That really depends on the users and on what they are typing. Typing on a physical keyboard is significantly faster than on a touch device.
So the question then is what the average WPM typing speed of the average user on your system is, and then work backwards from there.
Let's say that it is 25 WPM. Typically a word is considered 5 characters long, so ...
Yes, this is a "standard". I am >25 too and I know where to look up this guideline :-)
This is guideline 2.3/16 in: Smith S. L., Mosier J. N. (1986) Guidelines for Designing User Interface Software (ESD-TR-86-278), Bedford: The MITRE Corporation | http://www.idemployee.id.tue.nl/g.w.m.rauterberg/lecturenotes/DA308/MITRE(1986)smith-mosier.pdf
It's a heated topic to be sure, but the best insight comes from understanding the usage and intent of a user clicking a link and specifically how this relates to the work at hand and what is going on in the user's mind (i.e. what they are trying to achieve by clicking the link and how that relates to their workflow).
In general, if a link results in leaving ...
If you have the resources, you should follow the guidelines for whichever platform the app is on.
In the past many companies considered iOS to be 'the market' and only made Android apps as an afterthought. As a result, they often simply built an iOS app in Android to save them time and cost. This wasn't done because it was a better way of doing it, just a ...
Why don't you try something like this.
Once the user clicks on the item to drag just highlight the valid and invalid sections like above. I would suggest you do it as soon as user clicks (before starting to drag), this will actually a pre cursor for the user, where to drop the item.
In the approach mentioned by you, the user will actually drop the item and ...
iPhone & iPad (iOS) User Experience Guidelines
iPhone & iPad (iOS) User Interface Guidelines
Mac OS X User Experience Guidelines
Mac OS X User Interface Guidelines
Android User Interface Guidelines
Google TV Web Site Optimization Resources
Website Design & Content Guidelines
Blackberry Browser ...
Example Style Guides
For example style guides applicable to applications, you can leaf through with the usual platform style guides (e.g., Windows, Apple, Gnome) for the organization, issues, and topics you may want to have. Many topics in these guides are not relevant to form-oriented UIs, but most of the guidelines for controls, messages, and dialog boxes ...
My approach to this is completely style-guide oriented.
The online University of Oxford Style Guide states:
The general rule is not to use a capital letter unless it is absolutely required.
The Oxford Guide to Style states:
Capitalize the first letter of headings and captions.
So it appears Sentence Case is the way to go, event for captions.
The very page you link to says:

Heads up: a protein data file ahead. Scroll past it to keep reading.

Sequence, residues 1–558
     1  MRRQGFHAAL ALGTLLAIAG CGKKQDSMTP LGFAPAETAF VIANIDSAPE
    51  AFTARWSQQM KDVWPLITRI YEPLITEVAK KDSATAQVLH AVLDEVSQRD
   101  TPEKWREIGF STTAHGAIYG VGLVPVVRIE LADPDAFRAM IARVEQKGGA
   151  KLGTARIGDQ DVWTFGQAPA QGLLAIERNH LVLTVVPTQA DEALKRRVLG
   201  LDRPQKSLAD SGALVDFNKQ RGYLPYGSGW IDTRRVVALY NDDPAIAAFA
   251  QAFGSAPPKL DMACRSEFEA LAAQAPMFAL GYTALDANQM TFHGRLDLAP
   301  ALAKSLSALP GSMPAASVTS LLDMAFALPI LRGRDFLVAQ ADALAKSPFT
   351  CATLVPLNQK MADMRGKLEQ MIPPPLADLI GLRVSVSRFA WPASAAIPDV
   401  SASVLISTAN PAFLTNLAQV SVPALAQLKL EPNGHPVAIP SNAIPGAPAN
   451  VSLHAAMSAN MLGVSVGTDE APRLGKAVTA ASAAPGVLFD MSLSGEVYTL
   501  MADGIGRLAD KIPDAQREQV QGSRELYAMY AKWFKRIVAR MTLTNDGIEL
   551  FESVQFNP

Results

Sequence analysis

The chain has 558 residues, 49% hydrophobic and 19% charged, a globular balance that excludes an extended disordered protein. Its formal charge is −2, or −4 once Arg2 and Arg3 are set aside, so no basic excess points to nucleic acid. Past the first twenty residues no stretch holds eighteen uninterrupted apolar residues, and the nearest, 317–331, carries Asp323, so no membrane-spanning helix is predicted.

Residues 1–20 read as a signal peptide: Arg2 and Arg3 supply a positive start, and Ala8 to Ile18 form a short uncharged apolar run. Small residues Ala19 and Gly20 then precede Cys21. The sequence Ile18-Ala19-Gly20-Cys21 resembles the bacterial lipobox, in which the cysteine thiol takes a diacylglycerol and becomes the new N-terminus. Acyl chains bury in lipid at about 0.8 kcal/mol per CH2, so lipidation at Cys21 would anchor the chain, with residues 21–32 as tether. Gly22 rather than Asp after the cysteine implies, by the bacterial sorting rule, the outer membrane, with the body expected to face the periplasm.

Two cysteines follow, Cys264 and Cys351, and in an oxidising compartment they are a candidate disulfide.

This doesn't mean you should use an ellipsis whenever an action
displays another window—only when additional information is required
to perform the action. For example, the commands About, Advanced,
Help, Options, Properties, and Settings must display another window
when clicked, but don't require additional ...
I would trim in the middle, because in most situations the start (domain name) and end (page) of a link are the most interesting parts.
Compare, for example:
Regardless of the mix of types of data in one table, the data type in the individual column should drive the alignment.
Typical alignments (and of course, there are always reasons and ways to do differently)
Text and items treated like text: Left Align (caveat: I find numbers
always easiest to read rt aligned)
Numbers and items treated like numbers: Right ...
The only time you should use a dropdown where there is only one available option is: to stay consistent with pages that have many options for the same selection.
For example: You are shopping for a new pair of shoes and are currently looking at a style that has sizes 5-14 available. These sizes are displayed in a dropdown. You click on a different style ...
Here are some that came across my mind:
The best practice ever is not letting your system freeze at all. Consider better, more efficient serverside. Of course this cannot be done in some situations, but is a good thing to check at the beginning, because no matter how you tell the user the system is busy, it's always better to show that it just works.
If you ...
There is some interesting academic work surrounding ethics and user experience, even though I have not come across a formal/industry "code of ethics" for UX practitioners specifically. There are books that touch on the "dark patterns" of experience design, and you will see some related questions here on UX.SE to that effect. One of the more recent academic ...
One idea: when the dragging starts, gray out the box and then if the user does drag over that region, make sure the mouse cursor indicates (red circle with a cross?) that region can't be dropped on.
And extending that idea further: when the dragging starts use a red or gray to indicate it can't be dropped on, but also maybe use a green or some other ...